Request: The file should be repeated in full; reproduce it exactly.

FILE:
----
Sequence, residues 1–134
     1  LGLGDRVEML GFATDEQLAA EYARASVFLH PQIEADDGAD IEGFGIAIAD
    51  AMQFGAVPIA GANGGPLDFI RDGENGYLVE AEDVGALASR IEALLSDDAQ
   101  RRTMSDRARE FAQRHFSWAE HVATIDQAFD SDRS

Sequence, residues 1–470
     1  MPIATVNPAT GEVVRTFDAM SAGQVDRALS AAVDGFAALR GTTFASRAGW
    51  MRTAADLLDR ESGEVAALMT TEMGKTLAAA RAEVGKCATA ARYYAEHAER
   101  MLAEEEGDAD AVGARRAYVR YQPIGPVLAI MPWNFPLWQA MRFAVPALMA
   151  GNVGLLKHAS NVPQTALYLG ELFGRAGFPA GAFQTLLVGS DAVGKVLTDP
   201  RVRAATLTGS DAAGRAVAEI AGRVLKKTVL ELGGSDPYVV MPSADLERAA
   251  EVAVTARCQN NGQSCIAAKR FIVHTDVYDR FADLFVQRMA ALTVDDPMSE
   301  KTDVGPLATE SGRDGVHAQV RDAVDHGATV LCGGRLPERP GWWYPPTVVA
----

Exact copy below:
Sequence, residues 1–134
     1  LGLGDRVEML GFATDEQLAA EYARASVFLH PQIEADDGAD IEGFGIAIAD
    51  AMQFGAVPIA GANGGPLDFI RDGENGYLVE AEDVGALASR IEALLSDDAQ
   101  RRTMSDRARE FAQRHFSWAE HVATIDQAFD SDRS

Sequence, residues 1–470
     1  MPIATVNPAT GEVVRTFDAM SAGQVDRALS AAVDGFAALR GTTFASRAGW
    51  MRTAADLLDR ESGEVAALMT TEMGKTLAAA RAEVGKCATA ARYYAEHAER
   101  MLAEEEGDAD AVGARRAYVR YQPIGPVLAI MPWNFPLWQA MRFAVPALMA
   151  GNVGLLKHAS NVPQTALYLG ELFGRAGFPA GAFQTLLVGS DAVGKVLTDP
   201  RVRAATLTGS DAAGRAVAEI AGRVLKKTVL ELGGSDPYVV MPSADLERAA
   251  EVAVTARCQN NGQSCIAAKR FIVHTDVYDR FADLFVQRMA ALTVDDPMSE
   301  KTDVGPLATE SGRDGVHAQV RDAVDHGATV LCGGRLPERP GWWYPPTVVA